Miscellaneous

A Positive Mind Equals a Healthy Body

Have you ever thought about how frequently we are told to change our appearance? Magazines, social media and people around us constantly bicker about how to lose excessive weight. Fat jokes can be heard on television and it has become a norm to criticize someone’s appearance. Body shaming is one of the most commonplace habits practiced by people: criticizing themselves or others, which can lead to a vicious cycle of judgment and disapproval. The subtext of messages spread by the media imply that we should want to change, that we should care about looking slimmer, smaller, tanner and most fashionable. And if we don’t, we worry that we are at risk of being the target of disapproval.



Renee Engeln, a psychology professor at the Northwestern University and the director of the university's Body and Media Lab, says, "We've always cared about appearance, particularly for women … but technology has made the focus stronger than ever."
Body shaming is manifested in several ways – criticizing yourself, criticizing others – but no matter how it is done, it leads to shame and comparison and the idea of judging people only by their appearance. Again, if body shaming is so bad then why is it so common? Why is it that when we are upset, annoyed, or intimidated by someone, we start criticizing their appearance as if by default? In some ways, it feels easier to shoot for something that will hurt, like targeting physical appearance, rather than expressing what is really going on emotionally. Weight is not the most important predictor of health — in fact BMI is a pretty inadequate indicator of how healthy a person is — and factors like nutrition, physical activity, and stress play a more significant role.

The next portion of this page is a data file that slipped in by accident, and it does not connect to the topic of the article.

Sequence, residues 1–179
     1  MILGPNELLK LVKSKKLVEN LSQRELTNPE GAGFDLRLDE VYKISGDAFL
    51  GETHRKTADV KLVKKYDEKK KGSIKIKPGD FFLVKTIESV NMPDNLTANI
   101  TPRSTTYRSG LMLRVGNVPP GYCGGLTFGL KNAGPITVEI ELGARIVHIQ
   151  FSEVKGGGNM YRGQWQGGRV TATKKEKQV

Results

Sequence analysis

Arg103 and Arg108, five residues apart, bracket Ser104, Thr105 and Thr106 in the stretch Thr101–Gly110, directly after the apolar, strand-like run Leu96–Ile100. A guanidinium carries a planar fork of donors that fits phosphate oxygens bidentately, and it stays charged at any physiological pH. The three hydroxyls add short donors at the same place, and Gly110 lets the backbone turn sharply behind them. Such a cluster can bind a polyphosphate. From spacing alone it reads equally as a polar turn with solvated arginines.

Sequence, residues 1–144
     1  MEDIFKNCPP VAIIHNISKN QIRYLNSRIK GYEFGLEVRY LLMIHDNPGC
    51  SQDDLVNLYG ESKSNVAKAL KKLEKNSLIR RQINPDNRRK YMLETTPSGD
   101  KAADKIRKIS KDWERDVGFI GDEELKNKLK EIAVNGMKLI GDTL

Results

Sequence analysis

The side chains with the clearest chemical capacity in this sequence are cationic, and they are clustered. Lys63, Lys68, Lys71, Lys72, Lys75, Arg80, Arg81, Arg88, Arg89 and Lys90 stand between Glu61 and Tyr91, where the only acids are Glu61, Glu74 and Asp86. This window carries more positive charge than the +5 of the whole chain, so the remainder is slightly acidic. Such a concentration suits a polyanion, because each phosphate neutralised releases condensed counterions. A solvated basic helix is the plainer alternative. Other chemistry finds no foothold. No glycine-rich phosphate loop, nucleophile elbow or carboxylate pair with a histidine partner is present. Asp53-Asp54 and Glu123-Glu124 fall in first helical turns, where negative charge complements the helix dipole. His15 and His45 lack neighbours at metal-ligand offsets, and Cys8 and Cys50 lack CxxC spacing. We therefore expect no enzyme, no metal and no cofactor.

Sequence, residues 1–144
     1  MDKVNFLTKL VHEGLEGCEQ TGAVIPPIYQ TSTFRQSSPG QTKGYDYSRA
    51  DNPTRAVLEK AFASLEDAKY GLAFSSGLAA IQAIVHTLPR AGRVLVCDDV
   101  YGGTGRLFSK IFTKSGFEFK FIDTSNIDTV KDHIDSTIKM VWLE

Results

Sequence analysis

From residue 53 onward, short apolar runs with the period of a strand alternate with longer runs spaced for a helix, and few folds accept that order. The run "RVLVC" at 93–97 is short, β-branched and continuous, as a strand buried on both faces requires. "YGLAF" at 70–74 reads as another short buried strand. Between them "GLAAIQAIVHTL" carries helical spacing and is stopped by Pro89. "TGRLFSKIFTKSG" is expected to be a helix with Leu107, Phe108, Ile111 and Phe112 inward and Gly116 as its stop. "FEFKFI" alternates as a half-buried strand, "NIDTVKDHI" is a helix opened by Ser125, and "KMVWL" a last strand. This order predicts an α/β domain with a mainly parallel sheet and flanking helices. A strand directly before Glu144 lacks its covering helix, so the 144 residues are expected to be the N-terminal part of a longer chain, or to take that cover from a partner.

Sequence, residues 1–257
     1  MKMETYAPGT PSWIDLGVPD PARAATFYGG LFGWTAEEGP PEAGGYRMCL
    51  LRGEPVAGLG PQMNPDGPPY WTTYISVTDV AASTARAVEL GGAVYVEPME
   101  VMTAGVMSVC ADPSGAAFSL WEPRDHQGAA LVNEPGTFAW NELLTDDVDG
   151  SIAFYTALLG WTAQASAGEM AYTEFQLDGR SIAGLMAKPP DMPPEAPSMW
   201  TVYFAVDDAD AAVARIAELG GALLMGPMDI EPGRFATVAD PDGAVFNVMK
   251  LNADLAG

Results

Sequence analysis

Social comparison theory — people trying to assess how they stack up against others — strongly suggests those who compare themselves to others have a lower body-image perception, lower confidence, lower self-worth and are more likely to develop eating disorders, exercise obsession and use of anabolic steroids (more common for males). Those who have been body shamed are 32% more likely to do the same thing to others, "It's often a learned pattern, so someone has seen a parent do it or other family members or a close friend and then they start body shaming themselves and/or others," says Heidi McBain, marriage and family therapist and author of Life Transitions: Personal Stories of Hope Through Life's Most Difficult Challenges and Changes. She says that the damage to one's psyche and health from being heavy is so great that obesity and overweight must be addressed, especially in children. On the other hand, American Academy of Pediatrics (AAP) warns parents and others to be careful in addressing the issue with their children. "